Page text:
Educated For Freedom: The Incredible Story of Two Fugitive Schoolboys Who Grew Up to Change a Nation

Anna Mae Duane. New York Univ, $30 (240p) ISBN 978-1-4798-4747-1
University of Connecticut English professor Duane (Suffering Childhood in Early America) casts a revealing dual biography of James McCune Smith (1813–1865) and Henry Highland Garnet (1815–1882) against the backdrop of early-19th-century debates over the future of black people in America. Born into slavery, Smith and Garnet were educated at the Mulberry Street New African Free School in New York City, where administrators taught students that black people “must either embrace a cheerful exile abroad or accept a living death in the United States.” By colonizing Africa, the argument went, African-Americans could “reenact and ultimately redeem American colonization.” Smith, who became the first African-American to hold a medical degree, rejected this viewpoint and argued for “dogged persistence” in achieving freedom and equality in the U.S. Meanwhile, Garnet, who became a minister and famous orator, advocated for African colonization up until the Civil War. Duane eloquently describes the threats and obstacles black children faced in pursuit of their education (Garnet, she notes, once found his family’s home ransacked by slave catchers), but the narrative loses steam as its focus turns to internal conflicts within the abolitionist movement and close readings of both men’s speeches and essays. Nevertheless, this erudite chronicle succeeds in lifting up two underappreciated figures of the antislavery movement. (Jan.)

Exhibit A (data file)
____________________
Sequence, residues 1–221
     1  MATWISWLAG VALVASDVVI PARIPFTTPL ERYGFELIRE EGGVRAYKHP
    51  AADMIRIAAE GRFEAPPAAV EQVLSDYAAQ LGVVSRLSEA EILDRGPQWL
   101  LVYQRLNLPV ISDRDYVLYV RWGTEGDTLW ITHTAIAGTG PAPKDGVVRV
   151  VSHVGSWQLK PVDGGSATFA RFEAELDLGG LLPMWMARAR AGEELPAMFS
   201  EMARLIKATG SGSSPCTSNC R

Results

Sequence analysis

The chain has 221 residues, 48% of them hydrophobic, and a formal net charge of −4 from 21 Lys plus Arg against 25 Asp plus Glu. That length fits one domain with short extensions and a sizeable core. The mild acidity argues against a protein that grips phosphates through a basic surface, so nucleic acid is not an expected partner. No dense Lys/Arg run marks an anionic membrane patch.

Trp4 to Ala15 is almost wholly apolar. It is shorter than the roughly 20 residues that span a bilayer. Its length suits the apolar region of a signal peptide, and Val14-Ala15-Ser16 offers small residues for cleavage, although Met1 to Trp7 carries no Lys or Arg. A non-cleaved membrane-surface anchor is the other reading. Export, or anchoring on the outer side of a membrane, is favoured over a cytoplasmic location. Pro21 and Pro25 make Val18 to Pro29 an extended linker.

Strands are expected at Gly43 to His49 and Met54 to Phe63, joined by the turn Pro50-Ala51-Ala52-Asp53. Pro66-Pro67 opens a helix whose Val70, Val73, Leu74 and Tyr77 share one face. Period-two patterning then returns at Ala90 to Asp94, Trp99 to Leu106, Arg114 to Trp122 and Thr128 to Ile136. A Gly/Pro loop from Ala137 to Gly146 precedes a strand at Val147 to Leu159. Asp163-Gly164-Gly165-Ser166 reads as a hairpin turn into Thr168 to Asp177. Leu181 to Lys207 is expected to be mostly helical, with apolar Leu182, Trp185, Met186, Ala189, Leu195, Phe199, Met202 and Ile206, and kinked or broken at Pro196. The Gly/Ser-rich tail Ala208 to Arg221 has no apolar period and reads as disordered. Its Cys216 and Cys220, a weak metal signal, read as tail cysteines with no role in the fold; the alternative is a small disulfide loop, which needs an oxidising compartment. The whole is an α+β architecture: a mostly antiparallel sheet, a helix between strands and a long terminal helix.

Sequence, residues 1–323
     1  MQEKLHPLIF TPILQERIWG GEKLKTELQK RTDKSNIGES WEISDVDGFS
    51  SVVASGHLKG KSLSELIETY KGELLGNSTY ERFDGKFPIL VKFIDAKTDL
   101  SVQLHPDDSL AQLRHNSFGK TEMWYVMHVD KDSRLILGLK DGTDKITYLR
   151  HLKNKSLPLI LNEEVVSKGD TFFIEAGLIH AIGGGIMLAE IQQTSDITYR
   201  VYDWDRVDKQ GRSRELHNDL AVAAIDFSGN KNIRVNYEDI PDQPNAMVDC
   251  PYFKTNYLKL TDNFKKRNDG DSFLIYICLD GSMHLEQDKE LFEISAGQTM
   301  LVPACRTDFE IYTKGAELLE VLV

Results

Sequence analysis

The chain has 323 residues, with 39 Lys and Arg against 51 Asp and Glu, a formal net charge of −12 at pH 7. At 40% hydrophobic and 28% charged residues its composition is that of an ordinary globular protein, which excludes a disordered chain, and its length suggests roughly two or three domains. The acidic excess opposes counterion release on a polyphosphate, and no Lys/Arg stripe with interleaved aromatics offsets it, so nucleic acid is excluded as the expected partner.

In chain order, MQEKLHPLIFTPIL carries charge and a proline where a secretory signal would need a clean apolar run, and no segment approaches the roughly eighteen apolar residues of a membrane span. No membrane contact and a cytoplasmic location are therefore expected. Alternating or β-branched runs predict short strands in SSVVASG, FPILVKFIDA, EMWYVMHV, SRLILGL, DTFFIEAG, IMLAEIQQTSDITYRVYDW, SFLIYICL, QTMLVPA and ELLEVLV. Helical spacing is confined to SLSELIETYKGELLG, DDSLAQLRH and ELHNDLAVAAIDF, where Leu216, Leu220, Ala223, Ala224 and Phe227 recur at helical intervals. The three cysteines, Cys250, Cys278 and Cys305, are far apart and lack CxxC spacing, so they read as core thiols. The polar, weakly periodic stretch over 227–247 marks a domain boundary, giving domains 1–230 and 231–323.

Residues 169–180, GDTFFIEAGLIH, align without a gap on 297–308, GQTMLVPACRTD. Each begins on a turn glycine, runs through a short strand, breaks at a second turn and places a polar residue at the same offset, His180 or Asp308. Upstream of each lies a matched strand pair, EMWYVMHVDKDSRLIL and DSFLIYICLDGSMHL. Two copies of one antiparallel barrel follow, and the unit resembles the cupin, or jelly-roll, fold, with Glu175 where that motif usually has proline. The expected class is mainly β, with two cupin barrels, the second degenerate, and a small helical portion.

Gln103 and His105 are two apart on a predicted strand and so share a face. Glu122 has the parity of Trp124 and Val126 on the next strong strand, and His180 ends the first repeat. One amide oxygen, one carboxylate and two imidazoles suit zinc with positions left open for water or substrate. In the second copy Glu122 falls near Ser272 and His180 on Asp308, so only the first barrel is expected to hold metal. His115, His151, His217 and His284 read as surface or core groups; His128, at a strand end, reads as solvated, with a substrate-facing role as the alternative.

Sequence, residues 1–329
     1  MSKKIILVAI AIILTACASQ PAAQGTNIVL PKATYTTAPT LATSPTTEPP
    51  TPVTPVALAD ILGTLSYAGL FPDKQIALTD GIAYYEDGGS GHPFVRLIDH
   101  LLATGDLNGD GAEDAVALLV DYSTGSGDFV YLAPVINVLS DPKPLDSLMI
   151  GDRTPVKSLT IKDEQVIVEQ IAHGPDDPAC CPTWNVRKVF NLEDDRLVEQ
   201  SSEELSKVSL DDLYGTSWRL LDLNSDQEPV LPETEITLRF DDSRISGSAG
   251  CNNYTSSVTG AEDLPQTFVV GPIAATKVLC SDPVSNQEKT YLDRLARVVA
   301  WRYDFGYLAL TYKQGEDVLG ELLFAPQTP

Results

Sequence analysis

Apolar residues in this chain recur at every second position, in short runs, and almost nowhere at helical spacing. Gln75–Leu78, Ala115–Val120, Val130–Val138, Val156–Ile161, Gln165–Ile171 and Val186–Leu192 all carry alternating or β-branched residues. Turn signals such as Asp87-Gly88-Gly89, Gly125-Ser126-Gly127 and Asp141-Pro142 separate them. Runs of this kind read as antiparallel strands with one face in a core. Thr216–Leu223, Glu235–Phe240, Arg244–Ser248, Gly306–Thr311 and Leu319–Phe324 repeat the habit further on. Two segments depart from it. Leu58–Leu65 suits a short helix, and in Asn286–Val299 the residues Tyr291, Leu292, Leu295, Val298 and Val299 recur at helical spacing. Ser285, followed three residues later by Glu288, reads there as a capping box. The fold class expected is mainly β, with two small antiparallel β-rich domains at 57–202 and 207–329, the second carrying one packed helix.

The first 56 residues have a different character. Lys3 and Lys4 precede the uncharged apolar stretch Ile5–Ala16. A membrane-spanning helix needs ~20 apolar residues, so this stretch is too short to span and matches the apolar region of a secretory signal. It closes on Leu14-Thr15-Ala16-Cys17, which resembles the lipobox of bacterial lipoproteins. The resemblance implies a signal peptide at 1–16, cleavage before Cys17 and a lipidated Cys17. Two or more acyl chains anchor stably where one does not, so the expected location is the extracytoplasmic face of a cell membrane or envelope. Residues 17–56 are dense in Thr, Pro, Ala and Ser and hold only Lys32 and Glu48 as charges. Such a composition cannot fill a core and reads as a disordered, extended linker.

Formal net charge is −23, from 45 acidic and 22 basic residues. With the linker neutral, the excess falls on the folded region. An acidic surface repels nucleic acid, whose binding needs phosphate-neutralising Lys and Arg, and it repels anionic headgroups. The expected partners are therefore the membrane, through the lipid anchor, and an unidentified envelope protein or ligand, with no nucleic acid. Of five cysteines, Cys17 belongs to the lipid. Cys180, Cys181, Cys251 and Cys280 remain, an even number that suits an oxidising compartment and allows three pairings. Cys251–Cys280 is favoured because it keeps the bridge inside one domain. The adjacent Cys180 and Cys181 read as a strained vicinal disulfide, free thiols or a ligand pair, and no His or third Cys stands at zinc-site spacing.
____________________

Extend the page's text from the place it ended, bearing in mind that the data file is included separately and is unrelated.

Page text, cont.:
Reviewed on : 01/15/2020
Release date: 01/01/2020
Genre: Nonfiction
Compact Disc - 978-1-6905-8061-4
MP3 CD - 978-1-6905-8065-2
Paperback - 240 pages - 978-1-4798-1671-2
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